We were enjoying drinks and appetizers before heading out to dinner in Delray Beach, Florida, with one of my sister’s best friends, when she turned to me and asked, “OK, here’s one of my favorite questions: On a scale of one to ten, how happy are you?”
I blinked and fell speechless. If anyone else had posed the question, I might have questioned their motives or at least just shrugged it off and offered a funny answer. But Kim was one of the most caring and positive people I’ve ever met. She was also full of questions: not the nosy or superficial small-talk type, but the sincere kind that came from really wanting to see inside another person's head or heart.
She allowed me a momentary pass, allowing the rest of the people at the table to answer while I pondered the question. Readers who have followed along with some of my crazy escapades through The 52/52 Project might be surprised to learn I’m not naturally the impulsive type. Before I speak or act, I often weigh every word or decision.
I’d never analyzed my life by numbers, never dissected and examined it so closely. Sure, I’d contemplated the ideas of happiness and discontent many times before. A vague dissatisfaction with my life was clearly a partial impetus for embarking on a life of new experiences.
Kim, my two sisters, and my mother all offered their own answers, which ranged from a rating of seven-and-a-half to nine-and-a-half. They turned back to me. I bit my bottom lip. “I don’t know. I tend to compartmentalize my life. It’s hard to average everything out," I said. "If I had to, I guess I’d say I’m at a... six.”
A six. A rating of five would be average, right? So, I figured I was slightly happier than average. It didn’t seem so bad. Still, as I said it, I found myself unable to make eye contact with any of them, especially Kim, whom I believe rated her own happiness quite honestly at nine-and-a-half.
Admitting I was only a six suddenly dropped my happiness level down to a two.
The question nagged me all evening. It both intrigued and terrified me. I went back to my hotel room that night and, as I tend to do, I began to analyze my answer and my thought process.
“How happy are you?”
I found it a worthwhile question, one we all should probably ask ourselves throughout our lives. It appeared far too general though, and that was the aspect with which I struggled. It seemed to me that we could be simultaneously elated with some areas of their lives yet fairly miserable in others.
I finally broke down areas of happiness into six categories. How content was I with:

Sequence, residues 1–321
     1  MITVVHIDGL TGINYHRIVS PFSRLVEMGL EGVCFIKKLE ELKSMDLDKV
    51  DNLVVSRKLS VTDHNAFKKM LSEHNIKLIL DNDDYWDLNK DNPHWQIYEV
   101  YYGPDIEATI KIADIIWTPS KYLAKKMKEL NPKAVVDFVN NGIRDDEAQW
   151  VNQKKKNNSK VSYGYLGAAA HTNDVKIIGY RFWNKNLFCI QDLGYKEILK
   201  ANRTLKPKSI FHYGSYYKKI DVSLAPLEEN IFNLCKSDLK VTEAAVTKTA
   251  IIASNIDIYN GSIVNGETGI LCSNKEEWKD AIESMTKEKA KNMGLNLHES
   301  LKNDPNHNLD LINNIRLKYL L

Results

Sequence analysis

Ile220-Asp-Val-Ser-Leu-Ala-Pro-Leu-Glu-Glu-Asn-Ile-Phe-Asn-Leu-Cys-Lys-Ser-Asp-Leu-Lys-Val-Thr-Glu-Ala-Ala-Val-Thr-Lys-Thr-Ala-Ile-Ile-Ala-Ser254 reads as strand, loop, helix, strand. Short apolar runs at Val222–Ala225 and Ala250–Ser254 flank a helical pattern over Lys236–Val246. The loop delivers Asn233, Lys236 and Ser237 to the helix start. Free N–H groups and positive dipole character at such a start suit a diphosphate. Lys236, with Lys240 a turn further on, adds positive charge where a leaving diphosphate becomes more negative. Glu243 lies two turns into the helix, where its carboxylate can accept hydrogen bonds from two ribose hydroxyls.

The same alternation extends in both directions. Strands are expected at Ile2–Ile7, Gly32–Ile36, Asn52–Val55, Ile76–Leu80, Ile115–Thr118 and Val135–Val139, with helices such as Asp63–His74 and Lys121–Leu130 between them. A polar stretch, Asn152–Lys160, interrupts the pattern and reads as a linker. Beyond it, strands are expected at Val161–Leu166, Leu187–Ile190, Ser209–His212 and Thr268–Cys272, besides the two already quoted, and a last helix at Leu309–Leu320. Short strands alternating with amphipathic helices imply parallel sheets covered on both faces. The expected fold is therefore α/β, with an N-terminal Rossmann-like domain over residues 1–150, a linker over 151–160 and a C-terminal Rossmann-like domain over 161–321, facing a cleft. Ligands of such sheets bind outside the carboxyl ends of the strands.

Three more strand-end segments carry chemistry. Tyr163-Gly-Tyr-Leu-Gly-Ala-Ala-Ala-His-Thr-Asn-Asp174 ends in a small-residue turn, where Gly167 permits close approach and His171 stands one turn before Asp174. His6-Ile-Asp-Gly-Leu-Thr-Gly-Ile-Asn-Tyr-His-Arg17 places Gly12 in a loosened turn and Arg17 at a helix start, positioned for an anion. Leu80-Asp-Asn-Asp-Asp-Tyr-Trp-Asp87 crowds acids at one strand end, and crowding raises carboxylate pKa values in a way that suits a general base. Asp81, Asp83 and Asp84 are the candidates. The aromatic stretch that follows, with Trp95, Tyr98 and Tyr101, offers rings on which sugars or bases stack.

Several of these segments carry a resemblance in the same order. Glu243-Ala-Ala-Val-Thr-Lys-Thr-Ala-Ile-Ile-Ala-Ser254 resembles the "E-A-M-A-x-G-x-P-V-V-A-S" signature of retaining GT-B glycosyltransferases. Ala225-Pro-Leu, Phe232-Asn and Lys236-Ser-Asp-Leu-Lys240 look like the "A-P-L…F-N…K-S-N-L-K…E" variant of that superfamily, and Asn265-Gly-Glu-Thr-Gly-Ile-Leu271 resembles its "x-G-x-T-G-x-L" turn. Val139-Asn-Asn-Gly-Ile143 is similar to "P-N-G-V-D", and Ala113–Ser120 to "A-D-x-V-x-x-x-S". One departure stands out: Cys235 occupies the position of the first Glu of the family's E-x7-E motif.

- Myself as a person: my self-esteem or self-satisfaction
- My relationships
- My social life
- My career
- My entertainment and leisure
- My health
I graded my happiness in each category, finding that my individual ratings ranged from a four to a ten. Averaging them out, I found myself at a seven. I shrugged. Still above average, I figured. Yet being able to say I was an eight or a nine would have been far more satisfying. Being a perfect ten seemed as unrealistic as it was when I studied myself in a full-length mirror at fifteen.
I reviewed my happiness list. If I wanted to move higher up on the scale, I would need to work on a couple areas. I would need to change my life. I hoped I was already on my way, that The 52/52 Project was moving me in that direction. But perhaps I needed to target some of my new experiences toward changing those specific areas of my life in which I was least content.
Happiness is a strange and unpredictable thing. It varies year to year, week to week, even day to day. It’s relative to where we are right now. It’s a fluid feeling, shifting with the tides, affected by other people, new experiences, and also by how we choose to face our past, present, and future.
If we are happier—or less so—today then we were yesterday, maybe we need to examine why. What’s changed? What can we change?
If we're far dissatisfied with any areas in our lives, perhaps it’s time to take a closer look. Maybe it's time to take ownership, to decide what we might do to change our life.
Change is frightening, but choosing to remain unhappy is a far more terrifying prospect.
On a scale of one to ten, our right to be happy surely rates a ten.
What's the biggest change you've made in your life? What would you like to change? How do you rate your happiness?